The point is that United We Stand is a big, goofy, nonsensical shoot-em-up that has made a bunch of schoolyard, “Wouldn’t it be cool if we $WILDEST_THIRD_GRADE_IDEA?” choices along the way. And it has occurred smack in the middle of writer Brian Michael Bendis’s efforts to create and nurture a new Spider-Man, one who attends a private school, who has a loving, if complicated, family, and is learning about what it means to be not only a hero, but to be a decent person. And smack in the middle of those efforts, now he needs to fight War Machines over Wyoming with Giant Woman and Falcon under direct orders of the President of The United States. You know, Captain America. Which flies in the face of the slow paced (admittedly, sometimes seemingly glacially paced), character-driven story that Bendis has been building since last year.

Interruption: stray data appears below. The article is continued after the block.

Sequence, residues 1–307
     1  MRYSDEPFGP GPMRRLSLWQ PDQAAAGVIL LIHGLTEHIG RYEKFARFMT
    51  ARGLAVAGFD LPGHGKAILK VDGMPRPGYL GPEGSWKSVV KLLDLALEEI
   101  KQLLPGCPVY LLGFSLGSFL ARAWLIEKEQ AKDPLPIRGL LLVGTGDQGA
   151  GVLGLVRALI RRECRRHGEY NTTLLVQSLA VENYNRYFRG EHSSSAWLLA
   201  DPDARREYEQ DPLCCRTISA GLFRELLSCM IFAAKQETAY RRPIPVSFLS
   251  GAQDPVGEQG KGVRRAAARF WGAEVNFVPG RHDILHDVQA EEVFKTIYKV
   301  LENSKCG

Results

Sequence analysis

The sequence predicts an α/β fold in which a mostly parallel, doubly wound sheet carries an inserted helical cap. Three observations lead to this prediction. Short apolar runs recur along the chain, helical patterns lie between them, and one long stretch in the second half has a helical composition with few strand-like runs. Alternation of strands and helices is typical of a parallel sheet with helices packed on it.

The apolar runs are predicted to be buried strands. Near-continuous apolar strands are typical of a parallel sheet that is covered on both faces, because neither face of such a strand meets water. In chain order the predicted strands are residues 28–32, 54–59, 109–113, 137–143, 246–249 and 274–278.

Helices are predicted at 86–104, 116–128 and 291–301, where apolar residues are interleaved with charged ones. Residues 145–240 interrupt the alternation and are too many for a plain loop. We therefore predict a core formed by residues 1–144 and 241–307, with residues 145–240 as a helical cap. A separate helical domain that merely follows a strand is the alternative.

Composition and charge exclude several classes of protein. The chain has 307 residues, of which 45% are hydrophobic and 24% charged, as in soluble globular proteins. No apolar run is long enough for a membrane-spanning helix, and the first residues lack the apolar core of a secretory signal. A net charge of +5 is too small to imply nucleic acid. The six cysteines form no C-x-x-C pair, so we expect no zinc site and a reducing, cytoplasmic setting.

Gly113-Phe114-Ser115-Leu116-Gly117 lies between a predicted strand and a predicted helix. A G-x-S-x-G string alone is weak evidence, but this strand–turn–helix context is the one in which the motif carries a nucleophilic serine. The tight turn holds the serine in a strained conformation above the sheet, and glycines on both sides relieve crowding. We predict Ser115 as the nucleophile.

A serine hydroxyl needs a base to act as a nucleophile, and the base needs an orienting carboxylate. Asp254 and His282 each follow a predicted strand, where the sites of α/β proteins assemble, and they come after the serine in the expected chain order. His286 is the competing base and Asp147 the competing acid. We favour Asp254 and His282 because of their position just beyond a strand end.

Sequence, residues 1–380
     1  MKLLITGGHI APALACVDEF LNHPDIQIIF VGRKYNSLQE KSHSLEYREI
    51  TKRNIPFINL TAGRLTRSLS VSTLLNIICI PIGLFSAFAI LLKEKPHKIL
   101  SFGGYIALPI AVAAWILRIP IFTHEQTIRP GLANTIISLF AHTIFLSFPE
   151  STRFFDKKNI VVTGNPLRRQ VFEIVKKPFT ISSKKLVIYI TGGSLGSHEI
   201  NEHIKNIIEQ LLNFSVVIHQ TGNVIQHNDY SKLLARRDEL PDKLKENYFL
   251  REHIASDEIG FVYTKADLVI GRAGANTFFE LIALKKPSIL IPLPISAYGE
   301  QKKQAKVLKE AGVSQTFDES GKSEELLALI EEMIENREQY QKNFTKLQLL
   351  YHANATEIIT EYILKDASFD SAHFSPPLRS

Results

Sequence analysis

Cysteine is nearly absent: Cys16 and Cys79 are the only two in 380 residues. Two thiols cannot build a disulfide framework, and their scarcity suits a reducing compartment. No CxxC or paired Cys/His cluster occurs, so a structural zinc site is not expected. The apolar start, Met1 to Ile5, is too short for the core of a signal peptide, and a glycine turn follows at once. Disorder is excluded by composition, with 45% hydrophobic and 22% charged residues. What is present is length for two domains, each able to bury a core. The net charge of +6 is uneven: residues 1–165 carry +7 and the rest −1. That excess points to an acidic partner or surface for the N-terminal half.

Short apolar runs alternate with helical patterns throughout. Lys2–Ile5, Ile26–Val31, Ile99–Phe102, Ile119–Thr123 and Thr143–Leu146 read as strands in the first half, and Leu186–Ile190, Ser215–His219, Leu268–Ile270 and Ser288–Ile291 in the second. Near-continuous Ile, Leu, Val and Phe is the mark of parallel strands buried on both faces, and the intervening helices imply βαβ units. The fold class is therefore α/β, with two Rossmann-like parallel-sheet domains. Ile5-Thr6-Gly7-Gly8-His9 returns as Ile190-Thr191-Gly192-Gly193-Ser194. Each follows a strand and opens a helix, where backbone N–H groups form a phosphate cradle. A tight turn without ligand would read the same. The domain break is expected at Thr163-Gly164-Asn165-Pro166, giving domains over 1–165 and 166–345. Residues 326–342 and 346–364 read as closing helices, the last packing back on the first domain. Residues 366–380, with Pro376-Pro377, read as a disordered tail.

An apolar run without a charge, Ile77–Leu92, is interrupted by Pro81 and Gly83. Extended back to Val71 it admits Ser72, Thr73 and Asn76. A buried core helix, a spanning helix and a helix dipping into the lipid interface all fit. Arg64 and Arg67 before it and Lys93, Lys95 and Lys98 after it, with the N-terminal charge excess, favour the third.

And it is to Bendis’s credit that even though he has to deal with this big, goofy situation, he keeps a tight focus on the characters of Miles and his family, while delivering enough big thrills to make it arguably the most effective issue of this crossover to date.

Editor’s Note: Seeing double? I got two spoilers, one for each of you.